But by the end of 2015, DFS was the subject of investigations by the U.S. Attorney offices in New York, Boston and Tampa. Other criminal justice authorities, including two dozen state attorneys general, were reviewing various DFS operations.
New York Attorney General Eric Schneiderman declared DFS illegal in October 2015. He was soon joined by the attorneys general of 11 other states, including Illinois.
DFS places real-time gambling at every school desk, work desk, family TV, video game, and cellphone. People of all ages will be able to “click their phones, lose their homes.” Virtually all academic experts concur that DFS is designed to create ubiquitous real-time gambling without any effective consumer protection.
Specifically designed to seduce a youth market, the DFS marketing philosophy also reportedly synchronizes well with pornography marketing techniques. The title of a February news report by Bloomberg emphasizes this marketing: “Porn Giant Vivid Wants to Rescue Daily Fantasy Sports.”
The U.S. National Gambling Impact Study Commission Report concluded that DFS-type gambling was “impossible to regulate” and had to be prohibited. These conclusions have been confirmed by experts at congressional hearings and in academic publications, including the multi-volume United States International Gaming Report, produced at the University of Illinois and in concert with other research universities.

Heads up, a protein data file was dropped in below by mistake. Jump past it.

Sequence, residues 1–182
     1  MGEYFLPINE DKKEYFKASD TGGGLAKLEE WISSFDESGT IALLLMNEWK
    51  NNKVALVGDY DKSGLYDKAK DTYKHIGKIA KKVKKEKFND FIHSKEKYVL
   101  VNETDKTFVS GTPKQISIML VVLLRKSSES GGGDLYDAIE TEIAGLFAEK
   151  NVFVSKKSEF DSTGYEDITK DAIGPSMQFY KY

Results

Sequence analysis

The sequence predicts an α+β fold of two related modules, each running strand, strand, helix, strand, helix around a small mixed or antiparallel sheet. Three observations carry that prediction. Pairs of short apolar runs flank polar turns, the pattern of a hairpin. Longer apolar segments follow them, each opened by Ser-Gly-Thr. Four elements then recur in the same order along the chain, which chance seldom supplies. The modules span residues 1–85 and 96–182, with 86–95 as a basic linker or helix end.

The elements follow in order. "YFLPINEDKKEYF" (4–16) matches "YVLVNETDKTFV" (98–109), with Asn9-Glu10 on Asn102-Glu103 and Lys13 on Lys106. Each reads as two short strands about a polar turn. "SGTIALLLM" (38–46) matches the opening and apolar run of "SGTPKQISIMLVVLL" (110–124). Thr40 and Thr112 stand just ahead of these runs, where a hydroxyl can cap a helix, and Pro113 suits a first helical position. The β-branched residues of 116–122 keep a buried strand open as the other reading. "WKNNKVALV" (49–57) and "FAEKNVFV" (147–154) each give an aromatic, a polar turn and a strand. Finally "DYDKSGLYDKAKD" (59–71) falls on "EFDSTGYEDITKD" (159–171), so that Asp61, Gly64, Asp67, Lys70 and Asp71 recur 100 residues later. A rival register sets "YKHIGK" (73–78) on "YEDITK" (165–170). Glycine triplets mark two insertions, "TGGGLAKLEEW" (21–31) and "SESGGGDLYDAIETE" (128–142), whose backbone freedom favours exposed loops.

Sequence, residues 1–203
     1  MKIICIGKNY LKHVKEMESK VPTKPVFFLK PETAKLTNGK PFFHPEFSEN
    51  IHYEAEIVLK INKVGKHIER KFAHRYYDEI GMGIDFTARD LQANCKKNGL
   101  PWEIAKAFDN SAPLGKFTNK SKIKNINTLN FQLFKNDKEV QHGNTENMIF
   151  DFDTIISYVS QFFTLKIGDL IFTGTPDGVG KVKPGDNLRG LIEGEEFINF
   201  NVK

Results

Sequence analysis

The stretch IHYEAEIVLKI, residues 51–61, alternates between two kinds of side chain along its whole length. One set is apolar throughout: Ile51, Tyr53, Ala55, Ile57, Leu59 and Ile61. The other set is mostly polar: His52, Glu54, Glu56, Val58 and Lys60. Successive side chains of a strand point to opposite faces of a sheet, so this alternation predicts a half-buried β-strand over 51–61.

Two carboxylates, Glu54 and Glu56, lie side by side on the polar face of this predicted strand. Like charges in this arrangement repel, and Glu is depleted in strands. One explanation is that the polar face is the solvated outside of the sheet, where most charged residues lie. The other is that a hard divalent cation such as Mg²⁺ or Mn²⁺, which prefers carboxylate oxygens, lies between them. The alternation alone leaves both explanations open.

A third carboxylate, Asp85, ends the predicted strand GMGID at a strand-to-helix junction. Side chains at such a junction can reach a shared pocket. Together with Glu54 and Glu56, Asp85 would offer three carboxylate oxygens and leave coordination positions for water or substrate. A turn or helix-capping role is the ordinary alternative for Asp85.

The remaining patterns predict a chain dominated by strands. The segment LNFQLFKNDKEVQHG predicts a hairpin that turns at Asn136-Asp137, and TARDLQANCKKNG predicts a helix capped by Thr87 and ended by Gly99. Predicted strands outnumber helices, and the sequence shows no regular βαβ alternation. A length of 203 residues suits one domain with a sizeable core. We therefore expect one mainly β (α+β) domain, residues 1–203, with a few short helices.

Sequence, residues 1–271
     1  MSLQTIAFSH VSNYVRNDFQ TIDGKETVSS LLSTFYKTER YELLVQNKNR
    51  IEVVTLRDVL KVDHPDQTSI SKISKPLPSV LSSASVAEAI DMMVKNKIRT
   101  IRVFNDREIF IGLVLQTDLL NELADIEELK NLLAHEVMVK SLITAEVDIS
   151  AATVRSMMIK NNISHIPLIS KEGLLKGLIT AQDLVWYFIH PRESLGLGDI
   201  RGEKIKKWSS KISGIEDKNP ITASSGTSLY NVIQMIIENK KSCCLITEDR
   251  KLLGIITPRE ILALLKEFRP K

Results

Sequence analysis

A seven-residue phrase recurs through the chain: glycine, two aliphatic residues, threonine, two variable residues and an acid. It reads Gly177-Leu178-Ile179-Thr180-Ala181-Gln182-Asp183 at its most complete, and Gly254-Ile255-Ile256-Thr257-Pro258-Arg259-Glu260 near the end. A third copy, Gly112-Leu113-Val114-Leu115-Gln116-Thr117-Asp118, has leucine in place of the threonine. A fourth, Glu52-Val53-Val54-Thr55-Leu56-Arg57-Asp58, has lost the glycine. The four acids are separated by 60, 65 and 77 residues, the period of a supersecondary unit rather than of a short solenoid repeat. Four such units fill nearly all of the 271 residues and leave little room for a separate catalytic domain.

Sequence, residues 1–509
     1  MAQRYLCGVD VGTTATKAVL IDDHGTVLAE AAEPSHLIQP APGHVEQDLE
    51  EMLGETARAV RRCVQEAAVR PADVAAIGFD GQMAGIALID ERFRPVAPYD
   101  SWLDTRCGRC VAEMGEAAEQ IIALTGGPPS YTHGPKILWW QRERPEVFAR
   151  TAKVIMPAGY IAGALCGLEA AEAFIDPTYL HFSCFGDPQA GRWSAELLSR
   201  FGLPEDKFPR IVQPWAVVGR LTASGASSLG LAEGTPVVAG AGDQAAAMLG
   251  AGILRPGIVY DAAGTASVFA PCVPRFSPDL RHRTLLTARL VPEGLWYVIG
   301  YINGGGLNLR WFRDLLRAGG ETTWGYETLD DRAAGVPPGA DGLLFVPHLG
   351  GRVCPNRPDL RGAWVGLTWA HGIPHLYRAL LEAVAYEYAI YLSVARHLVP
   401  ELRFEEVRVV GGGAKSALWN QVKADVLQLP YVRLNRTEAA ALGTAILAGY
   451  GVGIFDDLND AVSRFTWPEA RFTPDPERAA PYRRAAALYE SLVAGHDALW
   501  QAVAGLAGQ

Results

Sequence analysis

In 2015 congressional hearings began investigating the proliferation and abuses involving DFS. All states would be well-advised to reject the claims and endeavors of DFS lobbyists to leverage state governments into confrontations with the U.S. Department of Justice and the majority of state attorneys general.
University of Illinois Prof. John W. Kindt, MBA, J.D., LL.M., SJD, testified at the 2006 Congressional hearings enacting UIGEA, as well as the 2015 congressional hearings where he reaffirmed that DFS was illegal. He may be contacted at firstname.lastname@example.org.